Energizer Brands alleges that Rayovac’s new packaging is “confusingly similar” to their own packaging, which has remained unchanged for years. The complaint accuses Rayovac of mimicking the color scheme and design of their battery packaging.

This Energizer lawsuit against Rayovac isn’t the first time they clashed with a competitor in regards to their trademarks. Earlier this year, Energizer sued competitor Duracell over placement of a pink bunny on their packaging, which Energizer claims is too similar to their registered trademarked pink Energizer bunny.

Trademark Infringement Definition.

The United States Patent And Trademark Office defines trademark infringement as follows:

Trademark infringement is the unauthorized use of a trademark or service mark on or in connection with goods and/or services in a manner that is likely to cause confusion, deception, or mistake about the source of the goods and/or services.

As we see, confusion is the key. This confusion can manifest in many forms.  You must exercise due diligence when choosing words, phrases, designs and graphics, and even color schemes. And of course, if you have a trademark, be vigilant in protecting it.

Until next time, I’m Attorney Francine Ward helping you protect what’s yours. Join my conversation on FacebookTwitter, or in one of my LinkedIn groupsGoogle+ Circles. Feel free to subscribe to my newsletter.

 

The Walking Dead. Trademark Infringement.

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Just in time for Halloween, the producer of the hit cable TV series, The Walking Dead, has filed a Trademark infringement lawsuit over the use of the name ‘Valhalla.’

fotolia_29963865_xsTrademark Lawsuit.

Valhalla Entertainment, the company behind The Walking Dead series, as well as two spinoffs of the popular show, Fear The Walking Dead and Talking Dead, filed the trademark suit against a company that is calling itself, Valhalla Studios.

Adding fuel to the lawsuit is the fact that Valhalla Studios opened up shop right in Atlanta, Georgia where The Walking Dead is produced. The suit states that unauthorized use of the name (Valhalla), which was registered in 1997, causes confusion and a misleading association with the two companies.

Wrongful Profits.

Besides trademark infringement, the lawsuit also sites unfair competition, deceptive trade practices and trademark dilution, as well as an unspecified amount of “wrongful” profits, actual and enhanced damages and legal fees and costs.

Ryan Millsap, the CEO of Valhalla Studios said he was surprised to hear about the lawsuit, saying he and his partners thought they were choosing a generic name whose roots stem from Viking lore. The company is investing roughly $70 million to build 9 sound stages on a 53 acre lot right outside of Atlanta. Millsap said his lawyers were in negotiation for over a month with Valhalla Entertainment regarding the name and was convinced they would come to an amicable agreement.

Coincidence?

Was this a simply a coincidence of a movie production company moving into the same area where a hit cable show is produced and innocently choosing the same name as the entertainment company that produces the show? Or is Valhalla Studios intentionally attempting to create confusion and ride the coattails of the popular production?

What are your thoughts?

Join the conversation on FacebookTwitter, or in one of my LinkedIn groupsGoogle+ Circles.

Trademark. Trademark Registration.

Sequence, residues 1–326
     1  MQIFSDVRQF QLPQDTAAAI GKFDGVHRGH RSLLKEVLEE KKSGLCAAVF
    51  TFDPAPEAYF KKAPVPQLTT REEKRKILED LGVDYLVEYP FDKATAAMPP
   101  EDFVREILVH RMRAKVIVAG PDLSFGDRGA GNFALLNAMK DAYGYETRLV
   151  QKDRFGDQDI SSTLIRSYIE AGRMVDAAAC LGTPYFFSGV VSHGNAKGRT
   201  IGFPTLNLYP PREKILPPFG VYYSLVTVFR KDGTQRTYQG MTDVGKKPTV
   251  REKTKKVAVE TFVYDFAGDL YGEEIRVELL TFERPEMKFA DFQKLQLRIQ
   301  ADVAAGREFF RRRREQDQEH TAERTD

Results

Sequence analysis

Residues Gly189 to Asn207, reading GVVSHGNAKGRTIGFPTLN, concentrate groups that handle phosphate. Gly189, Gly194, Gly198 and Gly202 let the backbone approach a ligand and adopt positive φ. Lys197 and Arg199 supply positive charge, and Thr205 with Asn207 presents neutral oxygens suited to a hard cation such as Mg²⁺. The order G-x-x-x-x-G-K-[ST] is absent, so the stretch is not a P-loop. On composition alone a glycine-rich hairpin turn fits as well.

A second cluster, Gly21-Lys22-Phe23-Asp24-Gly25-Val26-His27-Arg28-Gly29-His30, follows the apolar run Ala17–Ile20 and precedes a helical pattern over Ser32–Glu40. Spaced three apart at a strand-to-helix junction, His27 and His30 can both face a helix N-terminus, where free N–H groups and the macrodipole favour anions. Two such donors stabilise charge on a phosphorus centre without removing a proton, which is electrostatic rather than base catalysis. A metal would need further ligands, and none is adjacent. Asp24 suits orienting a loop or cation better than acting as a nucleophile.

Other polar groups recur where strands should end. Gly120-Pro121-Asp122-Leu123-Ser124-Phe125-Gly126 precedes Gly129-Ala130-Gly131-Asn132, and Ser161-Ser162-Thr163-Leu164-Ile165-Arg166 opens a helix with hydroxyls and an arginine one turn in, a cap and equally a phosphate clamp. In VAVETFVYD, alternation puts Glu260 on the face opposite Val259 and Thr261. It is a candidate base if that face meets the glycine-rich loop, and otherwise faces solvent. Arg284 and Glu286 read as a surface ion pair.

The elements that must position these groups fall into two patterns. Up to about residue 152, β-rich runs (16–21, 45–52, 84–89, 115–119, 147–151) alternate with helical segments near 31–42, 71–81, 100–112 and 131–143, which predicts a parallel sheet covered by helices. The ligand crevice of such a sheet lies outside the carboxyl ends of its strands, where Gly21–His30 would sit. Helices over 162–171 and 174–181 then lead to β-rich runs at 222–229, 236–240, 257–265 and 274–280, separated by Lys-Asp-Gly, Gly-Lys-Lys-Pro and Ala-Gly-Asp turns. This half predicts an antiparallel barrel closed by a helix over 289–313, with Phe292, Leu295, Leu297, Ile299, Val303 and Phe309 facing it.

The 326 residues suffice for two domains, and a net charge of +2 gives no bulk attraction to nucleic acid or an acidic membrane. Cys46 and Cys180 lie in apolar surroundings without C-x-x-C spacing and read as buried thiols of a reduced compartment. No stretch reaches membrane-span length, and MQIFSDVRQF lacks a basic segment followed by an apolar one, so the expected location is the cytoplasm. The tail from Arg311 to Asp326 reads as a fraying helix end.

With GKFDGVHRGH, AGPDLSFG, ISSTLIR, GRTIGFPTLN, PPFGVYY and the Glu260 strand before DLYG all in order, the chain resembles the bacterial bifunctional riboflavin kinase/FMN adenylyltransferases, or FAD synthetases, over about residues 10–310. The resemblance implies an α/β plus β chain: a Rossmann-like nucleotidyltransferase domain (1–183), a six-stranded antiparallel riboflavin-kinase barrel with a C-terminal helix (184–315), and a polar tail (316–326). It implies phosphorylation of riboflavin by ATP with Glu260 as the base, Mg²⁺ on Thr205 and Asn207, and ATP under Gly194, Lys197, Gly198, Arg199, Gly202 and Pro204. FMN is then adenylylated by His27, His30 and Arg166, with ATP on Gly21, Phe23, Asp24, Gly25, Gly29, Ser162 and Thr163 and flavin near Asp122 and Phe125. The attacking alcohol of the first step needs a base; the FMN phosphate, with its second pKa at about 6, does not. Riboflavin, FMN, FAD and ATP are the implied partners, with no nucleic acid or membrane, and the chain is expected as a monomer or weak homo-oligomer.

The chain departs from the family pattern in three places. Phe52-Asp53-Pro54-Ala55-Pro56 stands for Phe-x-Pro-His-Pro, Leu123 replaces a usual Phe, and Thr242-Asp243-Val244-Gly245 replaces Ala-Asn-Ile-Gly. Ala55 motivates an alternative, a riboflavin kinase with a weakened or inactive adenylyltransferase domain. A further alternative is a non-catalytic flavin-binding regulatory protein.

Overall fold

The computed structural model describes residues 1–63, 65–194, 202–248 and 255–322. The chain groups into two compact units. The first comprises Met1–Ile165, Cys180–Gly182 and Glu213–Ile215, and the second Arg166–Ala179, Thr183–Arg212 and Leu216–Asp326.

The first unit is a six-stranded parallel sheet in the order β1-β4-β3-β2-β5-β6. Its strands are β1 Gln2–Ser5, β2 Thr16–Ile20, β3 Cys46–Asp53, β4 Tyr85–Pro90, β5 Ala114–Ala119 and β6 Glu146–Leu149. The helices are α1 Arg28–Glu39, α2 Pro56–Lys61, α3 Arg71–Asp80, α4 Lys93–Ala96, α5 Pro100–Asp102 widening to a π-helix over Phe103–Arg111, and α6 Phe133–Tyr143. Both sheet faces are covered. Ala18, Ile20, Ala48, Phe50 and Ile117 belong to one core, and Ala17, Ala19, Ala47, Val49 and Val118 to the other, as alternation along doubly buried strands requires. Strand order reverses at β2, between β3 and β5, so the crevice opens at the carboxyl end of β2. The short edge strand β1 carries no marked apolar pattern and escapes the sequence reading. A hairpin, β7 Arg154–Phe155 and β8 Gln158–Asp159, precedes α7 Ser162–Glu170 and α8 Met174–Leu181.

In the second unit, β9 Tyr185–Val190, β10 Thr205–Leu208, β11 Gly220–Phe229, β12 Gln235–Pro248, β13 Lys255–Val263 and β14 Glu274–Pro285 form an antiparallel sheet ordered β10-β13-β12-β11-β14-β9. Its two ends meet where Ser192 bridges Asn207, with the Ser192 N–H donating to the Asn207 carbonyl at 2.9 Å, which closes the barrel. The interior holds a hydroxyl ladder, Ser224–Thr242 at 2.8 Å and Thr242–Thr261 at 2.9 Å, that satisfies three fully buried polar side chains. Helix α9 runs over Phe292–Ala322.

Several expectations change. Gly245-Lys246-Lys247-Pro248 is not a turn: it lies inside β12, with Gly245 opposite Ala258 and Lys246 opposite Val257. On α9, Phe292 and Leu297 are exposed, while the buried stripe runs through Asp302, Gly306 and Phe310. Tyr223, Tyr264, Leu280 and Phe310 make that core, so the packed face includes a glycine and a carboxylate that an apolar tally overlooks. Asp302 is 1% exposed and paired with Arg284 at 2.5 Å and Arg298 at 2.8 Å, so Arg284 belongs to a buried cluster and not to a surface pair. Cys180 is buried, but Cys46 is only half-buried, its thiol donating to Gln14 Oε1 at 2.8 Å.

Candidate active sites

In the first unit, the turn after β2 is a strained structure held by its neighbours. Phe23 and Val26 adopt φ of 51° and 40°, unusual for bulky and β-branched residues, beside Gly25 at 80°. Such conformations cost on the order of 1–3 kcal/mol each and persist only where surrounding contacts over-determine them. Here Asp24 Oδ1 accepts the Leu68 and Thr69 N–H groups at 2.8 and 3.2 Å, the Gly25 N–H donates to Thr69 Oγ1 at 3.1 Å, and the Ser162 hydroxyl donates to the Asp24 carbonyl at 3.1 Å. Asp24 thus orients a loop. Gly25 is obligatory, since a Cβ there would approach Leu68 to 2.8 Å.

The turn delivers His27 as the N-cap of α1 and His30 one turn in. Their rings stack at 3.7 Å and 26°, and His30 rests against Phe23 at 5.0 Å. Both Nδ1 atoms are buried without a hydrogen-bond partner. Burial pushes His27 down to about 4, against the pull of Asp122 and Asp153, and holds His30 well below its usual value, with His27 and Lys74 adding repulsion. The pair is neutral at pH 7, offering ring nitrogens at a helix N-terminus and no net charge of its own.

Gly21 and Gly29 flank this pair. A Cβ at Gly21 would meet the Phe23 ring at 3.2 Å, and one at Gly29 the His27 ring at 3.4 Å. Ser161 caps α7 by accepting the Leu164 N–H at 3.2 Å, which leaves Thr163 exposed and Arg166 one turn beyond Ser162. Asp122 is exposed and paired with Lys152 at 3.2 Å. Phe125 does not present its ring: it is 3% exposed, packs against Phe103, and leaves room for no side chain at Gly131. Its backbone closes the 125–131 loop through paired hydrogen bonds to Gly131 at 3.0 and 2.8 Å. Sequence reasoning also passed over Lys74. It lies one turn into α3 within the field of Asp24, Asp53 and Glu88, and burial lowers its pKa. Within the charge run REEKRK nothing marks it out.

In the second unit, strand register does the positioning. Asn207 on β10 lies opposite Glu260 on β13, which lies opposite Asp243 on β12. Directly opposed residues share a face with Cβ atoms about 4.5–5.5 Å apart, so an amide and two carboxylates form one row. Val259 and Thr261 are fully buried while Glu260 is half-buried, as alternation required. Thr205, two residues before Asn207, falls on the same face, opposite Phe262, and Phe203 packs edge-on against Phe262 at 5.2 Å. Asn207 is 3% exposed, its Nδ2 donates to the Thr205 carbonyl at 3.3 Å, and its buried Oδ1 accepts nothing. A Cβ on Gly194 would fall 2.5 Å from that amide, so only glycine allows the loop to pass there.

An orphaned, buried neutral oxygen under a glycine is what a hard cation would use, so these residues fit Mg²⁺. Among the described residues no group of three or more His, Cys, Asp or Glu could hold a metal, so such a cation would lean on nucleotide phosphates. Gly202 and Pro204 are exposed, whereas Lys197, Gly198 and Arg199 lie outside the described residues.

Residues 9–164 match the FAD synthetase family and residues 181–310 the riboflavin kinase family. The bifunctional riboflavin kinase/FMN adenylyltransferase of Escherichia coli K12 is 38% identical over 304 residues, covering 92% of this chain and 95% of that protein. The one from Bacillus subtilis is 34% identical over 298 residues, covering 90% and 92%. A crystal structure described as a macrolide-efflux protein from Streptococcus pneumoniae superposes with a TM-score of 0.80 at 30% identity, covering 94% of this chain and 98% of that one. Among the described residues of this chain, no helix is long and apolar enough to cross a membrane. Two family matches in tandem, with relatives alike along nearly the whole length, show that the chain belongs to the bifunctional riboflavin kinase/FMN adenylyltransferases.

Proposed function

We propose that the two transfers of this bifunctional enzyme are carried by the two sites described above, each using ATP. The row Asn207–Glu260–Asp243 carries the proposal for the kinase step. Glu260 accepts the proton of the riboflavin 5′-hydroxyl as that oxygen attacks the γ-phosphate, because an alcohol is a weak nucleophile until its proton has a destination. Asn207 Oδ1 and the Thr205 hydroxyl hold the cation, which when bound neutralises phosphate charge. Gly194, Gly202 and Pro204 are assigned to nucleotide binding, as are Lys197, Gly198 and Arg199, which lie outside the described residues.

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Trademark Registration. Trademark.

Trademark. Trademark Registration.

Trademark. Trademark Registration.

Why is it that some clients don’t take the protection of their trademarks seriously….regardless of how insistent I am that they should? I have registered many, many trademarks for many clients. Once they receive their trademark, I even take time educating them as to the post-registration steps they MUST take. Yet, despite my imploring them to do the follow up, many choose not to. Once I have completed their registration, I remove myself as the attorney of record. At that time, it becomes their responsibility to do the following:

  1. 1. Continue to use their mark(s) as they said they were in the Statement of Use. This primary step is NOT to be taken lightly. Registered trademarks have been cancelled because the registrant did not continue to use the trademark in the EXACT way they claimed to use it in the Statement of Use.
  2. File a Declaration of Continued Use between years 5-6 after registration. I cannot stress that if you miss this step, you WILL lose your registration.
  3. Renew the trademark every 10 years after registration, which means 4-5 years after you file the Declaration of Continued Use, and every ten years thereafter.
  4. Monitor your trademark to make sure no one else is using it.
  5. If you discover someone is using it, ask them to stop. It is best that you consult with a competent trademark attorney to obtain guidance on the proper way to approach the situation. Why? If you send a scathing cease and desist letter without knowing what you are doing, your demand might backfire on you, and you can find yourself in the defendant’s seat.
    Getting a trademark isn’t like buying a shirt, you put it in the closet and can forget about it. Your trademark is more like a car. It needs maintaining. It entails paperwork to keep it legal and current. It needs vigilance to keep it from being stolen. Finally, it needs a good mechanic (attorney) to make sure it keeps working for you.

In closing, if you don’t take care of your intellectual property, who will? Please remember that registration is just the first step, not the end all.

Until next time, I’m Attorney Francine Ward helping you protect what’s yours. Join my conversation on Facebook, Twitter, or in one of my LinkedIn groups, Google+ Circles.